Less than 1% of American venture capital-backed founders are Black. In 2018 firms led by women received only 2.2% of all venture funds. There is a serious problem in the venture capital space and ultimately, Black people are suffering because of it. As always, a Black woman is stepping up to do something about it. Tennis star Serena Williams has publicly launched her firm, Serena Ventures, to focus on early-stage investments in startups led by people of color and women.
Serena Ventures has already invested in more than 30 companies, including the Wing, MasterClass, and Brandless. Serena Ventures has quietly been investing in companies since 2014, in fact. On her Instagram page Williams announced, “I launched Serena Ventures with the mission of giving opportunities to founders across an array of industries.” Serena Ventures will also work to mentor young founders and emerging entrepreneurs. This mentorship aspect is critical and somewhat unique. For entrepreneurs who’ve traditionally been left out of the venture space, having knowledge and a network is extremely important, beyond having access to capital.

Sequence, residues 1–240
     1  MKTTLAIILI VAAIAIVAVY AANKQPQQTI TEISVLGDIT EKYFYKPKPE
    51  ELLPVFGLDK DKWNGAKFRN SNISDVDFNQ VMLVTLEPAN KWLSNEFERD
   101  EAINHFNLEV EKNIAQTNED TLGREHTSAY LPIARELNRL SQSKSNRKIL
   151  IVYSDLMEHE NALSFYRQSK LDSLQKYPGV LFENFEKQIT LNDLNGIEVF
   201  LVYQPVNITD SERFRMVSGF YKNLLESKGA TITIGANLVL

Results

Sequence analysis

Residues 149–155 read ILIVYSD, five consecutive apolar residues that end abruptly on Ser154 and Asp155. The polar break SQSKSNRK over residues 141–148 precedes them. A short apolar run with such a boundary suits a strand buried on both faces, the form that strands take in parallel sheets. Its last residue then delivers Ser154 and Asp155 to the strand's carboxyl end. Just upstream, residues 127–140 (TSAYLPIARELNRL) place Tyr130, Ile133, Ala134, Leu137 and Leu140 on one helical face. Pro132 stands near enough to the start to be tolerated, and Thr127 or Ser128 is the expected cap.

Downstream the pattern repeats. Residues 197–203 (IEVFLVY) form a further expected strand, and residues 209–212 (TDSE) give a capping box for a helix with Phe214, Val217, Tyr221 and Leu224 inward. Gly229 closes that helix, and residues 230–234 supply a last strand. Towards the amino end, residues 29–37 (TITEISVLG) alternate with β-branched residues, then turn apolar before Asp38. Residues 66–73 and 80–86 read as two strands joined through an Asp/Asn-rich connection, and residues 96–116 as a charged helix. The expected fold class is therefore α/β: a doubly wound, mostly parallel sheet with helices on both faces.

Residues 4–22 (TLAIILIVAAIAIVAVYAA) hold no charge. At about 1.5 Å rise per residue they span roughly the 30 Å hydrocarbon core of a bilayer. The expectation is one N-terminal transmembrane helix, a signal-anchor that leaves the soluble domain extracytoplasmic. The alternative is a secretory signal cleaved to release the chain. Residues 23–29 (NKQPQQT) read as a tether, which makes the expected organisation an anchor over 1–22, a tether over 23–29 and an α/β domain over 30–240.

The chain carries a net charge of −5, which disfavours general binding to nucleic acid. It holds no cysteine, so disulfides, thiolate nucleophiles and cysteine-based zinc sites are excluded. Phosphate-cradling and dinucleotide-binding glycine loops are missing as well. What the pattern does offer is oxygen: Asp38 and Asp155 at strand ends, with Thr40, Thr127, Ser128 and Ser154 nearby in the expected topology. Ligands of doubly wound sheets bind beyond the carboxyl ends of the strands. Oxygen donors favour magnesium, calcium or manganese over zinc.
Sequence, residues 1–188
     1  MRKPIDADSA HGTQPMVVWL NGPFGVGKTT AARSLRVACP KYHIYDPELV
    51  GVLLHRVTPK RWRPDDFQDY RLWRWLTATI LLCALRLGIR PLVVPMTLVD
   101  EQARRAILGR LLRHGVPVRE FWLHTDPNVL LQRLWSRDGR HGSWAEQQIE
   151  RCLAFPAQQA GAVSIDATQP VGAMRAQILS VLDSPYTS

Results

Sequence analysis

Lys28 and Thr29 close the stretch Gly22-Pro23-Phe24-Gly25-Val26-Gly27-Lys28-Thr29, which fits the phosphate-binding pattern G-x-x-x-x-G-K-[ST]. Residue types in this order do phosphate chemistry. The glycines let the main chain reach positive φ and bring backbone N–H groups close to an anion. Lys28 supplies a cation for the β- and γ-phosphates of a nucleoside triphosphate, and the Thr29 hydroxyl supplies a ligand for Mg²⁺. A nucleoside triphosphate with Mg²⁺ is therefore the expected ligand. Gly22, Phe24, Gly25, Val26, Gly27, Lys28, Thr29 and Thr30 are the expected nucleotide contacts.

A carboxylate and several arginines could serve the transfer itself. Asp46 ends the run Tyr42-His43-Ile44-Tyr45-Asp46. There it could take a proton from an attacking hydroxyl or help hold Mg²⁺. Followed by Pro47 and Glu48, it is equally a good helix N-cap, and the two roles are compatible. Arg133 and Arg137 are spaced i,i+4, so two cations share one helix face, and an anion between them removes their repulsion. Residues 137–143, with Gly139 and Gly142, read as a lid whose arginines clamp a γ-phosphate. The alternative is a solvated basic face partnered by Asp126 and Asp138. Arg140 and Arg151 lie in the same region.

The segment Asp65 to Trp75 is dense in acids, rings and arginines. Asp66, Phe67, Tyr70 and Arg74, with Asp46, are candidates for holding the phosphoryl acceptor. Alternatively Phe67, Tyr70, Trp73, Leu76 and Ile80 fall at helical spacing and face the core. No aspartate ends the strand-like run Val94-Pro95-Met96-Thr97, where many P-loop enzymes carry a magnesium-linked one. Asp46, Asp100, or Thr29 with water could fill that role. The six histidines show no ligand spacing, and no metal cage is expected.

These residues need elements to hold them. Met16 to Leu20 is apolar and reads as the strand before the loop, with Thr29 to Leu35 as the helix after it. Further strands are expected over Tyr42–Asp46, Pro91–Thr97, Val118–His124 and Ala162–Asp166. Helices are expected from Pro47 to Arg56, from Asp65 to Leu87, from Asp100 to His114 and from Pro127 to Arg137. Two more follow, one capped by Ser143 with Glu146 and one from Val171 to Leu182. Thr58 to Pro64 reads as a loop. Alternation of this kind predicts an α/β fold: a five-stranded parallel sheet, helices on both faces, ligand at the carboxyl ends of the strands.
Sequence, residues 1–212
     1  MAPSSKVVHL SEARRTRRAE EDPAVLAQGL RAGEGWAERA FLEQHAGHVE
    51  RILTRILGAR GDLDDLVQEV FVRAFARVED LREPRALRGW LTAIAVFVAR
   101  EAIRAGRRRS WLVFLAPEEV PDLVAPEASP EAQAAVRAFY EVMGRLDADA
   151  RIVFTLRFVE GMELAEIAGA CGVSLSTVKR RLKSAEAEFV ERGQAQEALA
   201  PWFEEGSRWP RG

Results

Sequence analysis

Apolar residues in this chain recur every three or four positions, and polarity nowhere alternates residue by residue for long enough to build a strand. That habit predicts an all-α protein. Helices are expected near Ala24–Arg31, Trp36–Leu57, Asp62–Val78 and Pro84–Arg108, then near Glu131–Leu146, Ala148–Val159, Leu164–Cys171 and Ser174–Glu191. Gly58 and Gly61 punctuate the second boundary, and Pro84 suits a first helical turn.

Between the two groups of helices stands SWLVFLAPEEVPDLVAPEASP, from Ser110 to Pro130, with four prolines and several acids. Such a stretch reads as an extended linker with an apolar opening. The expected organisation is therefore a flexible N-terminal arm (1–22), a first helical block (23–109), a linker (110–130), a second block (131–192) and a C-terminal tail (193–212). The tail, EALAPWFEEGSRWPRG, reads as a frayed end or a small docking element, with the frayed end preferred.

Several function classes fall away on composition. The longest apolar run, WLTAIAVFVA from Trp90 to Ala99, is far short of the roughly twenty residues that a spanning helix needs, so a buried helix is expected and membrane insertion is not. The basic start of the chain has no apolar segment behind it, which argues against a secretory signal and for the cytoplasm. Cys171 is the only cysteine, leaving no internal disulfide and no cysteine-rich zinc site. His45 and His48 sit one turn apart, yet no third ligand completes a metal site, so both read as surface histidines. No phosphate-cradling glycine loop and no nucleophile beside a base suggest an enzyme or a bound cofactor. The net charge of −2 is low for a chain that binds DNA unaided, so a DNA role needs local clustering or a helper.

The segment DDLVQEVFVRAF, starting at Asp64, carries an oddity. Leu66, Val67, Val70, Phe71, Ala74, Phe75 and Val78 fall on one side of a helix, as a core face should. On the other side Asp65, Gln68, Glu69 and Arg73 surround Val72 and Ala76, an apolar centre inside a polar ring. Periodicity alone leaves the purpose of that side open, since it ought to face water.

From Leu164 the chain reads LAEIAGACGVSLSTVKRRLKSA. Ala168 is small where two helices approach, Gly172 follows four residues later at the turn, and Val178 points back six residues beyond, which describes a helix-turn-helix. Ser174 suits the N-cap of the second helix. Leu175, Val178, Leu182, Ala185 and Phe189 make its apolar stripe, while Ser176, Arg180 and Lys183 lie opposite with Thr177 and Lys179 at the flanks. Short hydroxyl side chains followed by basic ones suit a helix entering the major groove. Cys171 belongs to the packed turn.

Serena is arguably the best tennis player of all time. She is now a wife and mother. Still, this latest move brings her legacy even further. Ideas and creativity are abundant in the world. Black entrepreneurs certainly have no lack. It is the access to capital in order to build and scale these ideas, however, that separate hustlers from those who make the covers of business publications. Venture capitalists operate as gatekeepers in many ways, deciding which companies will be given a shot to grow and bring their goods and services to the masses. Without Black people at the gate, far too few Black founders will find their way past the entrance.
According to the company’s website, Serena Ventures will provide funding for early-stage companies that value “individual empowerment, creativity and opportunity.” Those values are very much aligned with our community and the entrepreneurs it produces. We look forward to many more Black founders being able to introduce themselves to the world, thanks to the vision of Serena Ventures.